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TPCA Advises Caution for Global PCB Outlook in 2023

TAIPEI – After growing 3.2% to $88.2 billion, negative factors like geopolitics, high inflation and high inventories will likely dampen the global PCB industry for at least the first half of 2023, according to the Taiwan Printed Circuit Association.

Continued chip supply uncertainty meant IC substrates became the counter to negative factors and even the engine for growth in Taiwan, Japan and South Korea. Strong demand from high-performance computing and further upgrades to end-user product specifications all factored in the global PCB market outperforming end-user sales. PCB makers such as Ibiden, Shinko, SEMCO and LG-Innotek saw chip carrier sales account for over 90% of their PCB business, meaning carriers accounted for almost all growth by Japanese and South Korean peers. On the other hand, Chinese companies that once enjoyed rapid growth all experienced a noticeable slowdown in gross profit margins and net profits due to their focus on other products.

Chip carriers were not immune to the economic downturn in the second half of 2022, however. For example, BT carriers targeted at consumer products saw growth slow in the fourth quarter. ABF carriers for high-performance computing are also seeing mixed signals due to greater uncertainty in the future. While carriers are likely to maintain expansion in 2023 compared to other types of PCB products, that growth is expected to be lower than last year and its contribution to the global industry output not be as marked.

Weak consumer demand in the second half of 2022 slowed sales at many companies and clawed back almost all the first-half gains, and that decline will likely continue in 2023. Demand could gradually recover in the second half, and on the whole, there should be less volatility in global end-user products for 2023.

If inflation slows, the economy and consumer demand may see growth again in the second half. If that happens, global PCB sales could grow up to 3% to $90.8 billion. If one-third of global economic entities go into recession as forecast by IMF, however, the PCB industry may shrink. TPCA forecasts the decline in the value of the global PCB industry to be around 4% (to $84.7 billion). Article ending bug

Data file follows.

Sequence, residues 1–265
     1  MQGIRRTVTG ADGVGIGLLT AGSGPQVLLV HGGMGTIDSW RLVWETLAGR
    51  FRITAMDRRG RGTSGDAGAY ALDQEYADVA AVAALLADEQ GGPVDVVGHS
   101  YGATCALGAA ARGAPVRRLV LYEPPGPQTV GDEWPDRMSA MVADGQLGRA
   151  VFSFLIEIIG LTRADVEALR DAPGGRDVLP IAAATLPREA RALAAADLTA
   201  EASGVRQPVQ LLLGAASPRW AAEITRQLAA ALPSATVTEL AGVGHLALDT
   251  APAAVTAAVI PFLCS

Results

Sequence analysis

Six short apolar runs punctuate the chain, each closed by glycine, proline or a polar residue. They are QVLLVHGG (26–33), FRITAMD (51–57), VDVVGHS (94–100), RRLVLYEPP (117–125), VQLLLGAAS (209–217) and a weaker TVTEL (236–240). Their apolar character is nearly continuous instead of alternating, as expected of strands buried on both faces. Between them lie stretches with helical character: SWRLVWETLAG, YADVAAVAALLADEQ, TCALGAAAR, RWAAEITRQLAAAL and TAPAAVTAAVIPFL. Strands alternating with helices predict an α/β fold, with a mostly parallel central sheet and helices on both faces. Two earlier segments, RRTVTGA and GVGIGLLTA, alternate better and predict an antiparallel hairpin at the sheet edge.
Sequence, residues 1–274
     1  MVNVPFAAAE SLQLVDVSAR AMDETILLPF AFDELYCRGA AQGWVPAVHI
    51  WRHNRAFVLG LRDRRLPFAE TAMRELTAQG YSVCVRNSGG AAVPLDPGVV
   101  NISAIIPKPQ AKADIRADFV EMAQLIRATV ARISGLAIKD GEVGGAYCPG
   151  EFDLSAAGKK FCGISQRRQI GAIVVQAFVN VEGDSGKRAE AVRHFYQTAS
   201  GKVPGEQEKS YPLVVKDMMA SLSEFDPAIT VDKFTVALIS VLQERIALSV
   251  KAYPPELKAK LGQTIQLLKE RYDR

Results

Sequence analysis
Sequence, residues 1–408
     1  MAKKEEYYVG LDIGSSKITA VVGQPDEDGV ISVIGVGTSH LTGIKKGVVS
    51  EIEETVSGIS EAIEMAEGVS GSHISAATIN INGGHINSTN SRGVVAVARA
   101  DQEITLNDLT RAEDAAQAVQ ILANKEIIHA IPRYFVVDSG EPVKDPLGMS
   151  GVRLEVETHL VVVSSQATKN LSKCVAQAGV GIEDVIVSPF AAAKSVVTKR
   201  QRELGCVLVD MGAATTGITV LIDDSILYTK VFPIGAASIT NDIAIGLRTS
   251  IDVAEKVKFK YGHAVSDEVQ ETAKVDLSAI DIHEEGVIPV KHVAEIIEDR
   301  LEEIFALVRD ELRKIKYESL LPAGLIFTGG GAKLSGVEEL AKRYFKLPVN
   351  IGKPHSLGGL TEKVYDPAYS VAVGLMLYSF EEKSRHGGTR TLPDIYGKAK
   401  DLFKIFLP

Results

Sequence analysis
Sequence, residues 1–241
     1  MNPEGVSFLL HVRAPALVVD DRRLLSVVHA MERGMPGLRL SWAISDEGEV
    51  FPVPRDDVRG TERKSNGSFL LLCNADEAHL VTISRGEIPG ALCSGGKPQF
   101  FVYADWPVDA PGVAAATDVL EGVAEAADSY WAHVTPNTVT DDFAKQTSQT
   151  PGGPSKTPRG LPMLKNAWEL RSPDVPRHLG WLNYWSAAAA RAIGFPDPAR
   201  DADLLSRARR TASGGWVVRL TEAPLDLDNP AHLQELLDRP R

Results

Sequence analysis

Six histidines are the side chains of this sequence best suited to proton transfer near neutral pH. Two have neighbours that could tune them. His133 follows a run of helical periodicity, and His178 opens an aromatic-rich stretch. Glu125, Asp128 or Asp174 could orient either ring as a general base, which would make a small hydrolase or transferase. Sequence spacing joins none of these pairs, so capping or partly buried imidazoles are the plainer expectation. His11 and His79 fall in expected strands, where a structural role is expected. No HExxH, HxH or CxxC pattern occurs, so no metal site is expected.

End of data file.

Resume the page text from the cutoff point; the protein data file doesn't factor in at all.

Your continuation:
Hot Takes

Worldwide semiconductor sales totaled a record $573.5 billion in 2022, up 3.2% compared to 2021. Fourth-quarter sales of $130.2 billion were down 14.7% from 2021 and 7.7% lower sequentially. (SIA)

PCB and MCM design software revenue increased 15.6% to $344.7 million in the September quarter. The four-quarters moving average rose 13.2%. (ESDA)

North American PCB shipments in December were up down 1.7% versus 2021. Sequentially, shipments dropped 5.1%. Year-to-date bookings were down 26.5% through December, although orders rose 8.1% during the month. Full year shipments were up 10.1%, while orders were down 6.5%. (IPC)

Worldwide tablet shipments grew 0.3% year-over-year in the fourth quarter to 45.7 million units, falling 3.3% overall for the year. (IDC)

Worldwide shipments of total devices (PCs, tablets and mobile phones) are projected to decline 4.4% in 2023, to total 1.7 billion units, following a 11.9% drop last year. (Gartner)

North American EMS shipments fell 2.7% year-over-year in December, but rose 5.8% from November. Bookings dropped 22.7% year-over-year and fell 2.9% from the previous month. For the year, shipments were up 4.5% while orders were down 3.7%. (IPC)

Some 75% of electronics manufacturers are experiencing rising material costs, while 74% indicate that labor costs are on the rise, according to IPC’s January Sentiment of the Global Electronics Manufacturing Supply Chain report. Profit margins, inventory from suppliers and ease of recruitment are presently declining. (IPC)

An 18.3% fourth quarter drop in smartphone shipments dragged the annual decline to 11.3%. (IDC)

The automotive industry is estimated to be responsible for 20% of chip demand, and the wireless communication industry is projected to drive 25% of growth by 2030. (SIA) Article ending bug